Model (RNN). Recurrent neural network (RNN) is a generalization of pre-feedback neural networks. Our deep learning model is an adaptive model of the perceptually enhanced recurrent neural network structure proposed by Hinton et al. (LSTM+A). This model has obtained very remarkable results in other fields, and it is necessary to enter the language model and speech processing. Our feature sequence is very much in line with the data model. In addition, an encryption/decryption recursive neural network structure allows us to effectively experiment with varying length sequences. Our actual model differs from LSTM+A in two ways. First, we used GRU cells instead of LSTM cells. They can save memory and better fit our data. Second, our decoder produces a single output value (eg, class). The decoder is a unit multilayer recursive neural network (unexpanded) with a soft-max output layer. In general, it can be regarded as a many-to-one recurrent neural network, but we often represent it as a distance-based and perceptual mechanism.

In our experiment, we used three recurrent neural network structures: RNN_128: 3 layers of 128 cells; RNN_256: 3 layers of 256 cells; RNN_512: 3 layers of 512 cells. These parameters are selected based on our GPU memory allocation limit.

The total number of trainings in our model reached one thousand times. We batch-processed the series results using the steepest gradient descent method (SGD) and maximum slope (0.5).

Other classifiers. We also train shallow reference classifiers that use the CNN approach to exploit the local-temporal relationship of our data. It is a hidden layer consisting of 6 convolution units, point-by-point nonlinear curls. The eigenvectors cross-compute the tandem units and produce an output layer that is approximated by another tandem function. We also trained Support Vector Machines (SVMs), Naive Bayesian (NB) classifiers, and Hidden Markov Models (HMMs).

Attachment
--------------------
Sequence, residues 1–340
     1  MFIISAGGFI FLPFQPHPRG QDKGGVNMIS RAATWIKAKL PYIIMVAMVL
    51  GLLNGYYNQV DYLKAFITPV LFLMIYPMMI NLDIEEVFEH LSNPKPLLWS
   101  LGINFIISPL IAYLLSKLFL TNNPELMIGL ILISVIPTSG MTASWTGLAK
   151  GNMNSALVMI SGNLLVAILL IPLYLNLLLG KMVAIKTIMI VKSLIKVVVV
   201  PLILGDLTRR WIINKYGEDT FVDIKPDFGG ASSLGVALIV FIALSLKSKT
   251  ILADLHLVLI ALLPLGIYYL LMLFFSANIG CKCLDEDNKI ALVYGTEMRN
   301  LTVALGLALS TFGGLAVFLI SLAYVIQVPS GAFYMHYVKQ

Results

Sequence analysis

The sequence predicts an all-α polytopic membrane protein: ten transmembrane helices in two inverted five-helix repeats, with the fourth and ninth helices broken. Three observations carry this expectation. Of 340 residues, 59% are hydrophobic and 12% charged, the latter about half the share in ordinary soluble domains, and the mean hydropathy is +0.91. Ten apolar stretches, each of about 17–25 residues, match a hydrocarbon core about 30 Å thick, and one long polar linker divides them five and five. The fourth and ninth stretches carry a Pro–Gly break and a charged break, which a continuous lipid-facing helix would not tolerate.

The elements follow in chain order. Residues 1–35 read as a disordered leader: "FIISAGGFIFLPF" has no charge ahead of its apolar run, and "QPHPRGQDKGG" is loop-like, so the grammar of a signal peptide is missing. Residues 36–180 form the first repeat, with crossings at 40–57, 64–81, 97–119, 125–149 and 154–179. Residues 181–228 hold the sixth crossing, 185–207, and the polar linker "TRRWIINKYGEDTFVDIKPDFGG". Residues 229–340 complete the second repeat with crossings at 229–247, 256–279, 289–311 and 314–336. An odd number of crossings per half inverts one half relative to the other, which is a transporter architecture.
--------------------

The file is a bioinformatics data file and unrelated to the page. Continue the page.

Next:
6. Experiments and results

By changing the classification method described in Section 5, we performed a quantitative assessment of the overall system. We assume that the patient's gender is known and select the clinically relevant combination of comparative tests DD vs FXS-F and DD vs FXS-M. In the experiment, we used 32 FXS-male, 19 FXS-female and 19 DD participants. In order to maintain equal distribution of data during training and testing, we constructed Strain and Stest to randomly disrupt each group of participants to ensure that the two participant categories were distributed at 50% / 50%. In each new training/test subset, this process is repeated so that the average classification result can represent the entire group of participants. We give individual time-series property data p to classify participants with developmental disabilities to assess the accuracy of our system. For N, for all participants, we create an 80%/20% training/test dataset so that no participant's data will be shared by both datasets. For each experiment, we performed a 10-level cross-validation where each level was defined as a new random subset and the participants were separated by 80/20—about 80 participants per experiment were tested.